Louisville Mecca of America Today: New Derby Crowd Mark May be Set, Daily Racing Form, 1951-05-05


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Louisville Mecca of America Today New Derby Crowd Mark May Be Set Mass of Humanity Streaming In From All Sectors; Note More Enthusiasm This Year By OSCAR OTIS CHURCHILL DOWNS, Louisville, Ky., May 4. — Louisville was transformed into the Mecca of America today as Derby, crowds converged on the city from, it seemed, most everywhere. Judging by the horde of sports fans with Churchill Downs and the running of the Derby as their goal, the seventy -seventh running of the Kentucky classic will see as large a crowd as ever before in history, and it is just possible a little larger. The mass of humanity blackened highways and strained the facilities of airline, railroad and bus companies. It was a more" enthusiastic crowd than has prevailed at Derby time for the last few years. Perhaps the wide open aspect of the race has had something to do with it, but the air of excitement and expectancy seemed more buoyant and high pitched than in previous seasons. The throngs seemed to sense that here was a Derby of drama, and from which would emerge as the winner a colt who would emblaze upon Derby traditions something at once out of the ordinary and magnificent. f ~ A cool and at least partly clear day was in prospect for the Derby running, at least if the forecast of the Louisville weather bureau could be relied upon. Saturday has been prognosticated as "mostly fair with moderate temperature." Some private meteorologists have not agreed quite completely with this forecast saying a few showers, but they will be just that, light showers may materialize early Derby morning. The weather bureau itself says there may be a few scattered showers tonight. Under a scattered shower forecast it is more or less a matter of chance whether any rain will actually fall at Churchill Downs or its environs. In any event the weather promises to be the most salubrious of any in the last five years. Not too hot nor too cold. The kind of a day that will make going to the races a pleasure. This in turn should act to insure a tremendous attendance, for in past seasons, large as the crowd has been, both excessively hot weather and rain have acted to keep a number of people home, especially residents of nearby areas. Visitors from far away places were met with the traditional southern hospitality for which Louisville and Kentucky are famous. As usual, downtown Louisville was ablaze with decorations, all of them with a Derby motif and great crowds gathered before business establishments where the displays were both spectacular and lavish. It was a tolerant, good natured crowd, and very orderly. Those seeking the excitement of Derby eve did not have to venture far to find it as hotels put on special entertainment, and restaurants and night clubs reported a rushing business. The hotels, of course, were sold out, but the good people of Louisville, by the thousands, opened their homes to the visitors for the night, making rooms available for all they could accommodate. In order that the countless visitors could enjoy the Derby festivities to the utmost, the Kentucky state police and the Louisville city police worked overtime to expedite traffic into the city. Tomorrow, full crews will be on duty to see that motorists get to the track with the least possible inconvenience and delay. Officials have suggested that Derby fans would save themselves any undue delays if they parked their cars away from the track and relied upon public transportation, busses and cabs, to the Downs gates. The street cars, of course, are a thing of the past. A system of one-way streets, leading to the track up until Derby post time, and reversed leading away from it in the afternoon, have been designated by the Louisville chief of police. These routes are clearly marked. In addition several thousand signs have been put up directing motorists to the track via the most direct routes. The uniformed police officers have been given explicit instructions to be courteous to all visitors, but at the same time to be firm. Sectional interest was quite apparent One of the most noticeable delegations was from Texas, a number of special trains from the Lone Star state disgorging a substantial number of citizens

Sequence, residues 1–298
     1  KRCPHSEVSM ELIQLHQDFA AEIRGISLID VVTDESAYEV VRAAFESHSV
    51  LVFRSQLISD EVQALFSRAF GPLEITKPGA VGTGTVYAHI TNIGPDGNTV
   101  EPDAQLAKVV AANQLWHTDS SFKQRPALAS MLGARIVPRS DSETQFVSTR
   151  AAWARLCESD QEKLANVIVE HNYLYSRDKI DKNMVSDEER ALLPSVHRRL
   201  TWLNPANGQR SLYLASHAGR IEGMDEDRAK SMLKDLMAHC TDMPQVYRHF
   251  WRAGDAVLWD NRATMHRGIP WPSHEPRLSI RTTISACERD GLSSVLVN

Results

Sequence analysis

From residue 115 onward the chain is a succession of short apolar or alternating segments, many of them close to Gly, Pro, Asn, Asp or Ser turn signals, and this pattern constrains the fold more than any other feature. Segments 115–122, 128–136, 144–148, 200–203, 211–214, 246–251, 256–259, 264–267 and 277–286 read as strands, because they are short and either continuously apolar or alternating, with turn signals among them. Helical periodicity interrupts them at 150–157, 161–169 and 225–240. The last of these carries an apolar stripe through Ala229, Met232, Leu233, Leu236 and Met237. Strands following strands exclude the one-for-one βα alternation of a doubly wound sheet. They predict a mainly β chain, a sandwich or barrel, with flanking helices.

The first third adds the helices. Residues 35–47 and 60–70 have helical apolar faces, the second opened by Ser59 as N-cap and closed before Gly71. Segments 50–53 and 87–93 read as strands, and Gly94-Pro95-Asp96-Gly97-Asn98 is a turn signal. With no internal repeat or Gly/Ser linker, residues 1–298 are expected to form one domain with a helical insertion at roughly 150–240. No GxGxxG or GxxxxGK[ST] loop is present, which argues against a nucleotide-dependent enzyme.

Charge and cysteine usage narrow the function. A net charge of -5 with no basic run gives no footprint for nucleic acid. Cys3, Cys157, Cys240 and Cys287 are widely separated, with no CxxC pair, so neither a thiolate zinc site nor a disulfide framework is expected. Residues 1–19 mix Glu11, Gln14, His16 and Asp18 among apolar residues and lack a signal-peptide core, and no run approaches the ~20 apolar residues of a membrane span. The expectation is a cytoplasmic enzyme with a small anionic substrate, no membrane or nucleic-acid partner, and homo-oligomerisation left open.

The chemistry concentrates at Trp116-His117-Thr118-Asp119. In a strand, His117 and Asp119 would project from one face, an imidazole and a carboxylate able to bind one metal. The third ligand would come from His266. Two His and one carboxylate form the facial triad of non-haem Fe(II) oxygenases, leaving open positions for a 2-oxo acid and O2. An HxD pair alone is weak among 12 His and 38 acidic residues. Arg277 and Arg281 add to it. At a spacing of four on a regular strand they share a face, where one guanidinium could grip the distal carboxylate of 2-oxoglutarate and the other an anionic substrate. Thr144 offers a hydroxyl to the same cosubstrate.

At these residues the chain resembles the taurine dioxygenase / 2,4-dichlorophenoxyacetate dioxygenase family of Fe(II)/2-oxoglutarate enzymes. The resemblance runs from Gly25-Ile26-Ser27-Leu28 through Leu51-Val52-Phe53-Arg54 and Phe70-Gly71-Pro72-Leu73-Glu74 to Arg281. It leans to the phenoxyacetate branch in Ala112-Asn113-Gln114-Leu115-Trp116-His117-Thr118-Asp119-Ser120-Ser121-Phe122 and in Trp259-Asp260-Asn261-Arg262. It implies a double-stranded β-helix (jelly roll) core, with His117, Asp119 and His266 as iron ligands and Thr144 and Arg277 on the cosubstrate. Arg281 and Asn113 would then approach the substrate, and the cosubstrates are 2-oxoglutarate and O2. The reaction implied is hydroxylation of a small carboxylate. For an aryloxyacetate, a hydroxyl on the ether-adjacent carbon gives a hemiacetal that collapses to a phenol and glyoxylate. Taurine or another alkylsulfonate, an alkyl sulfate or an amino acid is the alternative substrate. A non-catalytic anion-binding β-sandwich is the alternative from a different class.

Persistent Link: https://drf.uky.edu/catalog/1950s/drf1951050501/drf1951050501_39_1
Local Identifier: drf1951050501_39_1
Library of Congress Record: https://lccn.loc.gov/unk82075800